Parts of the 1981 documentary The Decline of Western Civilization were filmed at “The Church”, a 1920’s-era Baptist house of worship in Hermosa Beach that eventually came to be a rehearsal/living space ($16 a month) for Black Flag.
It was a bit of a trip, on my first visit to Los Angeles, to be sitting at an upscale eatery with “edgy” decor and to learn we were sitting in the very same “Church” so storied in hardcore lore. The food was good, and with shared plates the final tab was not so pricey. But I couldn’t shake the sense that the universe was trying to teach something to me. That I was sitting with some folks associated with ‘Edupunk’ may or may not have added some metaphoric resonances. I haven’t really thought that through…
That surreal moment capped an inspiring weekend taking part in the Reclaim Your Domain LA Hackathon. I believe the event was prompted by the roll-out of Domain of One’s Own projects at University of Oklahoma and CSU Channel Islands, though the actual agenda was much broader, encompassing (among other things) a vision of “Reclaiming your Domain”, the POSSE-oriented platform Known, the Smallest Federated Wiki, APIs, GitHub, and the “containerization” model for deploying apps.
Normally, I might get to see and talk to some of these people at a conference, and engaging these topics would be limited to some scattered seminars and a few liberating moments connecting the dots over post-session beers. At this hackathon, the small number of highly-engaged participants, a lightly-structured agenda, and time to dig into these subjects in depth combined for one of the most intense and rewarding learning experiences I’ve had in some time. I loved how the group would break apart and re-convene fluidly, free to pursue individual or collective interests as the moment dictated. It was also extremely fun, set in a cool city, lots of laughter and some genuine party party energy in the evenings. I can’t begin to capture it all, but I will share a few bits, and then point to some more authoritative write-ups from other participants.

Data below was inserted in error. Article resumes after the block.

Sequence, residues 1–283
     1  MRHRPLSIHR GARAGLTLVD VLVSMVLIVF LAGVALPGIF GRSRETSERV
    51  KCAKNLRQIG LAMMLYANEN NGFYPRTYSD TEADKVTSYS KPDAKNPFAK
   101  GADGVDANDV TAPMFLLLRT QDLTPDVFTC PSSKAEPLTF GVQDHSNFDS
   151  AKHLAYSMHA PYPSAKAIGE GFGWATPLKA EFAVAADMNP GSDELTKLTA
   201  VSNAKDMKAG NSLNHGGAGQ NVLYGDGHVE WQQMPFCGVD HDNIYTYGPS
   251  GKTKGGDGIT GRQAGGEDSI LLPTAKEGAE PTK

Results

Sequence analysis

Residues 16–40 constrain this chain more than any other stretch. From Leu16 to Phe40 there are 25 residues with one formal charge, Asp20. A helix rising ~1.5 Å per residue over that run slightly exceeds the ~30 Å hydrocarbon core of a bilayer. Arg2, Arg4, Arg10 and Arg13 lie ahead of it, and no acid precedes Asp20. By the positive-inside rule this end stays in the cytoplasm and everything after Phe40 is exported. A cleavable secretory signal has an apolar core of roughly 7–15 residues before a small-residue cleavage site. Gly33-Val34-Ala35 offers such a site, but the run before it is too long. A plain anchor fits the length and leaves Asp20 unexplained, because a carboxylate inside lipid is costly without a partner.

I really appreciated API Evangelist Kin Lane giving us an in-person run-through of API 101. I found this overview to be immensely useful, and if you haven’t heard Kin discuss this before, you can listen to it here:
This past week, I have been trying to to build on this learning, checking out things like what BYU and Berkeley are doing with APIs, and wondering how it might apply closer to home.
I also found Kin sharing how he is driving his own Reclaim process using Terms of Service; Didn’t Read to be illuminating.
I’ve been intrigued by discussions concerning how things like AWS, Docker, OpenShift are shifting the software landscape, and wondering how something like UBC’s EduCloud might allow us to do some of these things while remaining compliant with our province’s FIPPA privacy legislation. So it was wonderful to dig into some of this stuff with some experts and other curious newbies to the model. I just wish I could have been more present during the discussions concerning GitHub — I got distracted trying to recover this site when it melted down. Abject.ca has either been hacked or has some major corruption somewhere. Nonetheless, I also managed to set up a new look for my site — whaddya think?
I really enjoyed being around and learning from every single attendee. I felt part of a very dynamic, supportive exploratory cohort. But special thanks to our wonderful LA hosts: Mikhail Gershovich, Michael Berman, Chris Mattia, Rolin Moe, Linda Polin, Kin Lane and Audrey Watters. We couldn’t have done this is in a better environment, and I hope the talk of another Hackathon in LA this winter comes to pass.
A few write-ups from other participants: